It is 50 years since the Beatles released Love Me Do, and there is an interesting perspective on this from Hunter Davies. He will be part of a celebration in Savile Row today, attending on behalf of Dutch TV.
Davies comments that Beatlemania is much stronger abroad. Outside Britain they are 'more knowledgeable, enthusiastic, less cynical, less blase.' The Beatles were not my generation, and while I have to acknowledge their massive significance this has never approached love. Maybe being British we do just take them for granted.
A couple of months back I was on a work trip to Liverpool. We had found a pub in the centre of town to watch the England game, and after that wondered what we should do. Somebody (not me) suggested going to the Cavern Club (not the original one, just nearby).
On stage there was a local guy banging away at a big acoustic guitar. He had a good but unexceptional voice cracking out Beatles standards. The audience contained few English people, and very few Liverpudlians. So I was about to file away the experience under 'tacky tourist traps (Beatles).'
But after a couple of songs I realised something very odd was taking place. This was not a conventional gig where an artist performs for an audience. The man on stage was more akin to a preacher leading the worship. Because the gaggle of nations present (Spain, Italy, Japan..) in a natural and completely uncynical way had come to share their love for The Beatles music. The ages ranged from those old enough to have conceivably seen the Beatles play, to some who were probably a bit young to be in a bar at 11pm. People sang along, sang to each other. They knew the words and the songs and were enjoying sharing that. The man on stage was simply conducting this orchestra.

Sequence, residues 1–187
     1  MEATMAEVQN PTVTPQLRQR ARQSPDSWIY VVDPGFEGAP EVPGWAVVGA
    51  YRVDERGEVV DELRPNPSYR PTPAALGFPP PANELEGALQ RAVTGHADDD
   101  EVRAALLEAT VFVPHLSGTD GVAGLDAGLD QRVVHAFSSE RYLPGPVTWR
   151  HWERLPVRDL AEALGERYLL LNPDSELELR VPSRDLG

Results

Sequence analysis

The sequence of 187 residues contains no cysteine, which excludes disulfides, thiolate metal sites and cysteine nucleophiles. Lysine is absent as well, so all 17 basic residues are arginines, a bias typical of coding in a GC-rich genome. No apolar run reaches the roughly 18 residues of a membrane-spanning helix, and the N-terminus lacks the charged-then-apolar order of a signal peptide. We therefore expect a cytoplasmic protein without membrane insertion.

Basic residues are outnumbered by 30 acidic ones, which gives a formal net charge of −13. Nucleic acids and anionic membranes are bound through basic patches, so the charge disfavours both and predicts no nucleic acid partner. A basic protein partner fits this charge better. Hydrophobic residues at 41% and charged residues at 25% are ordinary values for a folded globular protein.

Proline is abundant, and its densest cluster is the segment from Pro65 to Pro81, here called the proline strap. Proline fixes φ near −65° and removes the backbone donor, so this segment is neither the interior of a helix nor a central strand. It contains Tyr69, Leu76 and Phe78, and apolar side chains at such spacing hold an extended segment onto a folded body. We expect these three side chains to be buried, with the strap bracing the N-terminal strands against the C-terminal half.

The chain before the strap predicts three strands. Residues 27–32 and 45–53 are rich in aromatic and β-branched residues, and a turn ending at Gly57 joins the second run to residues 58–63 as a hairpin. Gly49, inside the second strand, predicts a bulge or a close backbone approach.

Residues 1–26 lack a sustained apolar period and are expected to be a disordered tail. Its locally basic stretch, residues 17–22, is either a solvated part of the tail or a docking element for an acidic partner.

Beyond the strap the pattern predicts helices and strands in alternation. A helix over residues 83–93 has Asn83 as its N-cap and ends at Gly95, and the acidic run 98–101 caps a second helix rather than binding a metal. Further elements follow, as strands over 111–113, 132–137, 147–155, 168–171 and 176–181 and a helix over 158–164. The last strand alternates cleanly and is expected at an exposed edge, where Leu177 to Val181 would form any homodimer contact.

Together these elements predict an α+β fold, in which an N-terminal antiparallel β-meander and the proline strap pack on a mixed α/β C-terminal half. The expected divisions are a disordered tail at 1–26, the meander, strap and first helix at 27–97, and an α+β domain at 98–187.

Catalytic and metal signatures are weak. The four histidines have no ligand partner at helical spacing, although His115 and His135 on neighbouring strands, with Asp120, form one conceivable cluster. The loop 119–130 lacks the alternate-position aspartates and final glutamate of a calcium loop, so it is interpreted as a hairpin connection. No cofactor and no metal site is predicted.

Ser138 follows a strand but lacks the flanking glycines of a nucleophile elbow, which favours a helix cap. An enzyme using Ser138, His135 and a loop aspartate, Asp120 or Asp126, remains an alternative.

So I think Hunter Davies has got a lot right. Maybe some of the Beatles ongoing relevance is that their music has this huge reach, we are just a bit blase about it.